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March / april 2006:

Lady of Grace
Actress Debra Messing speaks candidly on motherhood, her Judaism, and saying farewell to Will & Grace.

Story by Gerri Miller | Photography by George Lange

It feels like our home, Debra Messing says as she glances around at the comfortably furnished apartment that has rows of lights where its ceiling should be and just three walls, its fourth opened to an audience's view. “We come in and we play every day and we do little shows that people come and watch. But it’s our place.”

Well, not for much longer. On May 18th, Will & Grace will bid farewell to its viewers after eight years on NBC, and the soundstage in Studio City, California that has been its home. Those familiar furnishings will go into storage. Before then, Messing plans to snag a few souvenirs, among them the door to her office bearing the name of her lovably neurotic character, Grace Adler. “I just want to put it in my house like art, just lean it up against the wall,” she tells me during a tour of the set.

Even though the decision was made a year ago to end the series, Messing and co-stars Eric McCormack, Megan Mullally and Sean Hayes feel wistful, their day-to-day routine of work marked by moments of realization that the end is near. “You think, ‘this might be the last time we trip over a couch,’” says Messing, who has done more than her share of such pratfalls as the endearingly klutzy Ms. Adler.

Later, chatting in the living room set, she confides that she’ll miss those scenes the most. “The physical comedy, being able to do that every single day, is really fun but I’ll also miss Grace’s cheapness and slovenly ‘male’ characteristics, the not flushing the toilet, the leaving food under my bed.” Not to mention Grace’s off-key attempts to sing.

“To me, the bad singing, no pun intended, takes the grace off her,” quips Messing, who insisted as a condition of signing on for the role that she’d be allowed to make Grace “funny and unusual in a way that tickled me and surprised me. I didn’t want to be the pretty straight woman. I knew I wouldn’t be happy. I grew up watching Lucille Ball and Carol Burnett with curtain rods in her arms, falling down stairs. To me, that’s funny.”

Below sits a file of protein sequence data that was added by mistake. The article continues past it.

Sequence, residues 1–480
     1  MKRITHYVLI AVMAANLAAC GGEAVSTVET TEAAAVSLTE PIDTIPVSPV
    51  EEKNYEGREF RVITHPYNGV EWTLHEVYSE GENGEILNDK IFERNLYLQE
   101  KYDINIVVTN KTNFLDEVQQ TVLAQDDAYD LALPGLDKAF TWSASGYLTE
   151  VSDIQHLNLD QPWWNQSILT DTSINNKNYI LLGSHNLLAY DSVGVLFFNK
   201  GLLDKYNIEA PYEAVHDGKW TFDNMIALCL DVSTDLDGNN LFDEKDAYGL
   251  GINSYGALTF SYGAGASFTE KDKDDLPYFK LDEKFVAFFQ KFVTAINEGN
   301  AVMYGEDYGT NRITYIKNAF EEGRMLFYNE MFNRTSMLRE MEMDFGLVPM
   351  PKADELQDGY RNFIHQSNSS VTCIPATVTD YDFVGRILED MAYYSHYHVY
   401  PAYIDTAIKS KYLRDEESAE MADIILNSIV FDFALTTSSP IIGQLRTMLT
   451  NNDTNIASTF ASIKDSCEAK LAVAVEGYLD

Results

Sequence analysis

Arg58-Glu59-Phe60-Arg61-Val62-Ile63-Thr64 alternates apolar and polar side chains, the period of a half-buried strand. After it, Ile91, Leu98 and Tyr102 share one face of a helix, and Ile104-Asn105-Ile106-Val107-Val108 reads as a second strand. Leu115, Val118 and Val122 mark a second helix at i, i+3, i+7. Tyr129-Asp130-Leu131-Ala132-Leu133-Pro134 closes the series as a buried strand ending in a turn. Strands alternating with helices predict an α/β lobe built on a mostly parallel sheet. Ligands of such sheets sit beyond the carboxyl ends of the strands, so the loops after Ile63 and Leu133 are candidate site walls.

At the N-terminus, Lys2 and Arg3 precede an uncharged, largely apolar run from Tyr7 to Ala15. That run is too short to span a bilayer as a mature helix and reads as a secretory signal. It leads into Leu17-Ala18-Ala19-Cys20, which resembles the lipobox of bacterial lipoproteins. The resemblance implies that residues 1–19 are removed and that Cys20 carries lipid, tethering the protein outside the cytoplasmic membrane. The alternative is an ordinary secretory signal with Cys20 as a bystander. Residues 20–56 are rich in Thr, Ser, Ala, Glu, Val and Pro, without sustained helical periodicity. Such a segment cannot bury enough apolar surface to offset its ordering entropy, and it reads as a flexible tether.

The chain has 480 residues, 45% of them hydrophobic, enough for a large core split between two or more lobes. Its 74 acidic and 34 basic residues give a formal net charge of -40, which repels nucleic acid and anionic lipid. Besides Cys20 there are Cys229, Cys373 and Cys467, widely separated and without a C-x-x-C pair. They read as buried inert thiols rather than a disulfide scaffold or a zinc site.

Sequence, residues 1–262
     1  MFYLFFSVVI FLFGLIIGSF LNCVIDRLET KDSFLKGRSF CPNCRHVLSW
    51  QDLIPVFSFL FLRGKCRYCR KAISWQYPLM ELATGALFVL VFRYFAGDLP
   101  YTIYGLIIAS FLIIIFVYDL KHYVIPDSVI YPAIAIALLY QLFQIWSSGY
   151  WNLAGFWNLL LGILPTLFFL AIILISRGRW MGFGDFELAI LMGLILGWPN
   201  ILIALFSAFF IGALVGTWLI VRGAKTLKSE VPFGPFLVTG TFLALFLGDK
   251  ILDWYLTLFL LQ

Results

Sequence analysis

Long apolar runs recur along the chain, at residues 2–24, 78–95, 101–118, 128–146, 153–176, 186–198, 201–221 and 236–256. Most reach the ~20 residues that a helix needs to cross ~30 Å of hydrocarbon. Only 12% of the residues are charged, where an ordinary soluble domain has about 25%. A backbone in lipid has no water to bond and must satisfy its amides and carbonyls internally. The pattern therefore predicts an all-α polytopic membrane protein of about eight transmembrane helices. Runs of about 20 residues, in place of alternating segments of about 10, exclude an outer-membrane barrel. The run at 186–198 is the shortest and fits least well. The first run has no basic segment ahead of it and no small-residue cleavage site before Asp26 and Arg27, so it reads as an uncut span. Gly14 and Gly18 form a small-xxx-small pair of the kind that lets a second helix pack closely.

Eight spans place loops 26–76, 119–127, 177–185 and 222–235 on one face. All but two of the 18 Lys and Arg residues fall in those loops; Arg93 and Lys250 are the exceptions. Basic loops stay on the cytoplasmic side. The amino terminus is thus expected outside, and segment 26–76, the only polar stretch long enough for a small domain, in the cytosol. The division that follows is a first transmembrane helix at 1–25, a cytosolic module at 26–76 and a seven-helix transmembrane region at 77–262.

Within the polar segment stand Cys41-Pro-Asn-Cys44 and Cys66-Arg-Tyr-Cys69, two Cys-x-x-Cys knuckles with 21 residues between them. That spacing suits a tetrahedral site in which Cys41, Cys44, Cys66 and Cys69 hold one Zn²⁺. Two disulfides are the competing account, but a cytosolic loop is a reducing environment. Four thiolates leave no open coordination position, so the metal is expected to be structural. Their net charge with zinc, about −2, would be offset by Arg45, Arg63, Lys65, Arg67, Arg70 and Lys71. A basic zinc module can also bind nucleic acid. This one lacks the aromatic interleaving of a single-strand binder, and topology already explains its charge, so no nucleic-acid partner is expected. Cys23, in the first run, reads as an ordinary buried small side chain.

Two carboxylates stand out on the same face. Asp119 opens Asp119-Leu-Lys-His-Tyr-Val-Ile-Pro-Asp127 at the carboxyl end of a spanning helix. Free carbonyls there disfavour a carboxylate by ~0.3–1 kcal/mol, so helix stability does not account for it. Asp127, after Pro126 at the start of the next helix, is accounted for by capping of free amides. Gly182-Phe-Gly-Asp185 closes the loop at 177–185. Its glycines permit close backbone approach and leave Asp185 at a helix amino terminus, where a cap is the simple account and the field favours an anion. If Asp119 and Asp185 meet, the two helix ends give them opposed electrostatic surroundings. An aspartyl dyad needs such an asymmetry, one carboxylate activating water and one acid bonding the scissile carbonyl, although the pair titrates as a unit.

Not surprisingly, Messing was frustrated when she was pregnant and restricted from using her physical comedy gifts. “It was depressing, but fascinating because it was a test for the writers and for me. They had to make me funny in a more verbal way. It was tricky and when it worked it was incredibly satisfying.”

It was also a test for the prop department to devise ways of hiding the pregnancy, which wasn’t part of the storyline. Messing, who gave birth to son Roman in April 2004, laughs heartily at the memory. “There was an ever-growing bowl of fruit, and it just kept getting stacked higher and higher until finally the fruit wasn't going to cut it anymore. So they put this shrub in a pot on the table and all you saw was my neck up, and we shot it that way.”

But another real-life aspect of Messing has been an integral part of Grace, much to the actress's delight. “They made Grace Jewish and I love that. I loved the Jewish jokes,” she says. “There just hadn't been a Jewish leading lady. I wanted to be really upfront about it, enjoy it, and not hide it. It's hard to quantify how much was the writing staff and how much was Debra,” she muses. ”Aunt Honey is [co-creator] Max Mutchnick's actual aunt, and [co-creator David Kohan's sister] Jenji Kohan went to Camp Ramah. I came in with stories about my bat mitzvah or whatever. I thank them for adding that color.”